“Even with what happened in Farmington – with the mass shooting. You know, I'd like to believe that had I been in Shiprock and got notified immediately what was going on, I can tell you that I probably would have grabbed a couple of officers and raced to Farmington to try to help,” Noon said. “You know, because all the other stuff when it comes to the jurisdiction and all that, we can sort all that out later. Right now, at that point, you know, I would just look at Farmington needs your help.”
He added that when law enforcement from the towns bordering the reservation come to help on the Navajo Nation, they’re doing it at his request. “They’re operating under my authority.”
And with the vast size of the Navajo Nation, help is welcomed. The Navajo Nation is largest Indian reservation in the United States. Comprising nearly 16 million acres or 27,413 square miles, it is found in three different states – Arizona, New Mexico and Utah, according to the Indian Health Service.
A recent study showed Navajo Police “needed 500 police officers to basically conduct basic functions of policing on the Navajo Nation,” Noon said, adding the appropriate number for a “more realistic police force” is 750.
There are 212 Navajo Nation Police officers on staff at this time. The department loses officers to retirement, some left because of COVID. So even with the officers in the police academy, “we’re not really making headway,” Noon said.
This is where support from the outside becomes important.
“We need that. We’re so short-staffed with such a large geographical area to police that you know we need that help,” Noon said, “and we are thankful for the departments who do help us now.”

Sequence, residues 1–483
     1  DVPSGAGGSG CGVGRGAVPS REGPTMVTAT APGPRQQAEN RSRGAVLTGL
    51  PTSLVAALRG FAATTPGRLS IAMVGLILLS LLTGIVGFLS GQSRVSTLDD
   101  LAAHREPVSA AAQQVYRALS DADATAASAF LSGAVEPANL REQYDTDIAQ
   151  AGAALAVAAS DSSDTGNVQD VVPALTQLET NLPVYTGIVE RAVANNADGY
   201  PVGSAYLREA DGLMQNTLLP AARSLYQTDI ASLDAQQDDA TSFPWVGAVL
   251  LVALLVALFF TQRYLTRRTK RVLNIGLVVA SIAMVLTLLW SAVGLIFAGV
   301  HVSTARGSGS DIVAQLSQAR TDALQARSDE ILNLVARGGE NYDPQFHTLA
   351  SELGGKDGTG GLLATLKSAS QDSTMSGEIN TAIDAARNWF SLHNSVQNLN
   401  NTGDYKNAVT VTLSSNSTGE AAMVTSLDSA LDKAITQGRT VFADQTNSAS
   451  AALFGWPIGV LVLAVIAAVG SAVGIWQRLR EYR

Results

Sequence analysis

The FBI has jurisdiction over criminal cases on tribal land, when federal crimes are committed, but when policing all sorts of incidents the tribal police force enjoys partnerships with Gallup Police and Farmington Police. They also partner with the New Mexico State Police.
“We run a lot of joint traffic enforcement programs; you know, they'll enforce traffic on state highways, we'll hit the big roads,” Noon said, adding the Arizona Department of Public Safety also “has a big presence on the Navajo Nation.”
When asked if these other agencies come out to the reservation a lot, Noon said, “they come to help,” and they also come to build goodwill in the community.
The Farmington Police Department often goes out to the Northern Navajo Nation Fair and the officers participate in the parade. They have been doing that, since Noon was on the Farmington Police force. He also recalled the first time Chief Hebbe asked about going out to Shiprock for the fair. People were telling Hebbe, that they would be “throwing rocks” at the police, but Noon set the record straight.
“I told him, if anything, they’re gonna love us out there,” he said, adding he and Hebbe walked the parade route shaking hands with people and there was “nothing but positive reactions to us being there as the Farmington Police Department.”
Noon touched on the fact that there has been a “bad history” when considering things that happened in Farmington in the 1970s and 1980s, but by having Farmington Police come out and offer support in times of crisis “goes to show that you know, we just want to help each other, and they’re willing to help, and we will continue to welcome them.”